This article was published in Australian Dictionary of Biography, Volume 8, (MUP), 1981
John William Fleming (1863?-1950), anarchist and agitator, was born at Derby, England, son of an Irish father; his English mother died when he was 5. Both his father and grandfather had been involved in militant worker movements. At the age of 10 he went to work in a Leicester boot factory; as a youth he attended free-thought lectures by Bradlaugh and others. Invited by an uncle to come to Melbourne, Fleming arrived in 1884 and obtained work as a bootmaker. Known as 'Chummy', he soon embarked on a career of agitation for freedom of choice in industrial and personal spheres, acting as an irritant to conservatives and reformers alike. He joined the Victorian secular movement, and in October 1884 attended the second Australasian Freethought Conference in Sydney. In early 1885 he was arrested for speaking on the North Wharf and taking part in an unemployed demonstration. Discharged, he worked in Ballarat for a few months as a bootmaker and became secretary of the local branch of the Australasian Secular Association.
Fleming joined the Melbourne Anarchist Club, becoming a close friend of J. A. Andrews. In 1889, after the break-up of the club, he helped to establish the Melbourne branch of the Australian Socialist League, its successor the Social Democratic League, and the semi-secret Knights of Labor. He agitated for the Sunday opening of libraries and museums and for free speech, and supported the single-tax movement; he is credited with arranging the first Victorian collection for the London dock-strikers in August. He was often in gaol or threatened with arrest.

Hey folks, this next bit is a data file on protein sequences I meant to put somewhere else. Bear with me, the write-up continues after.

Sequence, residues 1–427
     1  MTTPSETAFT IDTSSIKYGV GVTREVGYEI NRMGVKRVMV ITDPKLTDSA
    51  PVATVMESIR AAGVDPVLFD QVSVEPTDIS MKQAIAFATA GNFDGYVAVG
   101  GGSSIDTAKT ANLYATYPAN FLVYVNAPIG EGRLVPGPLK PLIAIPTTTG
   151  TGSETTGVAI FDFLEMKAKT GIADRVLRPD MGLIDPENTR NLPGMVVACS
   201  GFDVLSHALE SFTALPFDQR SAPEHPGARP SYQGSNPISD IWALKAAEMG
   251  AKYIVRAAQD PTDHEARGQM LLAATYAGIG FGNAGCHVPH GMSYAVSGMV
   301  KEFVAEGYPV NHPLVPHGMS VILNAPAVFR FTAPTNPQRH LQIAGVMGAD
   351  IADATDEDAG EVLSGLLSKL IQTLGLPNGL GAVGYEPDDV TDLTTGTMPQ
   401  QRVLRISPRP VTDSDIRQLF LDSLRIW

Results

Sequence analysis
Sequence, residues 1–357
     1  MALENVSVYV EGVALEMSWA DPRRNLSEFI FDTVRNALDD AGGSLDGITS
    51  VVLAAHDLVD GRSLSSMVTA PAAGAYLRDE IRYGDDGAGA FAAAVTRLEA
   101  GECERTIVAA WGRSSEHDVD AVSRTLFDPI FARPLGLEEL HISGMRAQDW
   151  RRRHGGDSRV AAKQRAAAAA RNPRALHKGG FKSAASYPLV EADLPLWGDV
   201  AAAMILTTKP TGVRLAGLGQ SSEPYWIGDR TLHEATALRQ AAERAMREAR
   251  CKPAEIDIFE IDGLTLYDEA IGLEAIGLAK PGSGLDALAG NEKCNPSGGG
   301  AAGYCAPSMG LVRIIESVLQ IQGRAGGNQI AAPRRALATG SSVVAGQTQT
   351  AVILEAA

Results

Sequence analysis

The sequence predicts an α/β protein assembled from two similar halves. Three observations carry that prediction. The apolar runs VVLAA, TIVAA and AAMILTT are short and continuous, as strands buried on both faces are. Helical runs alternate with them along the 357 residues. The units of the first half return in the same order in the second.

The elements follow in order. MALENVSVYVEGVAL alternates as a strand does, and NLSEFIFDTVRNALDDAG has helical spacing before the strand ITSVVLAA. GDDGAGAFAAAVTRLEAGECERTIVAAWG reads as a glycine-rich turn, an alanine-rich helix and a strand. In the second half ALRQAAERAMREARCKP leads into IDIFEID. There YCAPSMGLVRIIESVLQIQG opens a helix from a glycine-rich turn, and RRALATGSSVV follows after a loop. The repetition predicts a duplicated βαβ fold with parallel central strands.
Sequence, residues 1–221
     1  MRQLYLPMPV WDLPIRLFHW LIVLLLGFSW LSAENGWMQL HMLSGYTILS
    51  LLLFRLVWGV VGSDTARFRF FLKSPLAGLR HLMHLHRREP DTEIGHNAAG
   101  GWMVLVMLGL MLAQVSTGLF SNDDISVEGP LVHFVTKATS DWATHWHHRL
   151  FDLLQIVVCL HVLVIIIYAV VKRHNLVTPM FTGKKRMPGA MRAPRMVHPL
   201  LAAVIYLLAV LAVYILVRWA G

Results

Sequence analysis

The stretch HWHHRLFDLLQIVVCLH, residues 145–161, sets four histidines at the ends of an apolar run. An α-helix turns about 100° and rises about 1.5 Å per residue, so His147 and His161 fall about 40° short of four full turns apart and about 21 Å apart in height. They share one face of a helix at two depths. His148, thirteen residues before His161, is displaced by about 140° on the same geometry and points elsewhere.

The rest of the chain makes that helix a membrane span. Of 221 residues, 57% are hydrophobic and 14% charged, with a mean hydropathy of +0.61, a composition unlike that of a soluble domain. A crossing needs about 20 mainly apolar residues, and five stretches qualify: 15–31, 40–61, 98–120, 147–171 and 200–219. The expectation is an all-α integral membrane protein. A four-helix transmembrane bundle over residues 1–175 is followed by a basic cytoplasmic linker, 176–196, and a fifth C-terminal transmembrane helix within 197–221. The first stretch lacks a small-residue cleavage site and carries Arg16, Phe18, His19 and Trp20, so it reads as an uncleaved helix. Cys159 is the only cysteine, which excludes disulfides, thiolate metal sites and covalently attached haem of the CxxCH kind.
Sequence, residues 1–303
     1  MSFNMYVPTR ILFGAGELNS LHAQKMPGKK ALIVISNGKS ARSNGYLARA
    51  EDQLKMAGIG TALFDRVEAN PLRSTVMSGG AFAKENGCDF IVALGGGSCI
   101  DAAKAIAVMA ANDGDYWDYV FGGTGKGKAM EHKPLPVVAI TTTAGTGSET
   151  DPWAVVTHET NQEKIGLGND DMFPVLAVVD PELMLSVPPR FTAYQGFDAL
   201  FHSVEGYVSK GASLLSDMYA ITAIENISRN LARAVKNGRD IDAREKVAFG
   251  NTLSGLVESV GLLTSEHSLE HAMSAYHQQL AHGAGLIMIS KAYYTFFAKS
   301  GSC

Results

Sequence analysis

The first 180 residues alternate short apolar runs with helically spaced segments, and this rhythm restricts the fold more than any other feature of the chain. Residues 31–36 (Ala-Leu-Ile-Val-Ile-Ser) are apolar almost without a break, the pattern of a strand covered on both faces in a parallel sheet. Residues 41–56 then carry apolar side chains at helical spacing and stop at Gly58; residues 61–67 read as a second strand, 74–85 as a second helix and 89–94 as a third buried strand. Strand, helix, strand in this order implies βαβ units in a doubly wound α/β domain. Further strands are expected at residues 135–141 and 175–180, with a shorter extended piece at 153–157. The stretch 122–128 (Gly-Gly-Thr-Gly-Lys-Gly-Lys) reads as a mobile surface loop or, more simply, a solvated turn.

As a bootmaker, 'Chummy' campaigned for better work conditions and the right to organize. He was elected as delegate of the Victorian Operative Bootmakers' Union to the Trades Hall Council in 1890. Next year he was president both of the bootmakers' union and of the Fitzroy Progressive Political League. His union activities were important to him but it was only in the early 1890s that he was not considered an outsider by the dominant protectionist group of union officials. In 1890 he helped to organize the first Victorian May Day meeting and in 1892 chaired the first public May Day meeting. For his part in the growing militancy of the unemployed, Fleming was beaten up by paid thugs and isolated from mainstream politics. He continued to support co-operatives and the village settlement movement.
Particularly after the death of Andrews in 1903, Fleming publicly emphasized his anarchism. No theoretician, he left few written statements, but corresponded with overseas journals until late in life. In 1904 he was expelled from the T.H.C. for his attacks on Labor politicians. He was active in the anti-conscription movement during World War I but afterwards his public activities declined.
Fleming continued to march on May Day and to address the public from his Yarra Bank stand. A gentle man, affectionately regarded by later generations, he looked forward to a millenium in which happiness and brotherly love would prevail. He suffered from a duodenal ulcer before his death some time on 25 or 26 January 1950 at his home in Carlton, where he had carried on his own bootmaking business for many years. He was cremated.
Bob James, 'Fleming, John William (1863–1950)', Australian Dictionary of Biography, National Centre of Biography, Australian National University, http://adb.anu.edu.au/biography/fleming-john-william-6189/text10637, published first in hardcopy 1981, accessed online 31 July 2015.
This article was first published in hardcopy in Australian Dictionary of Biography, Volume 8, (MUP), 1981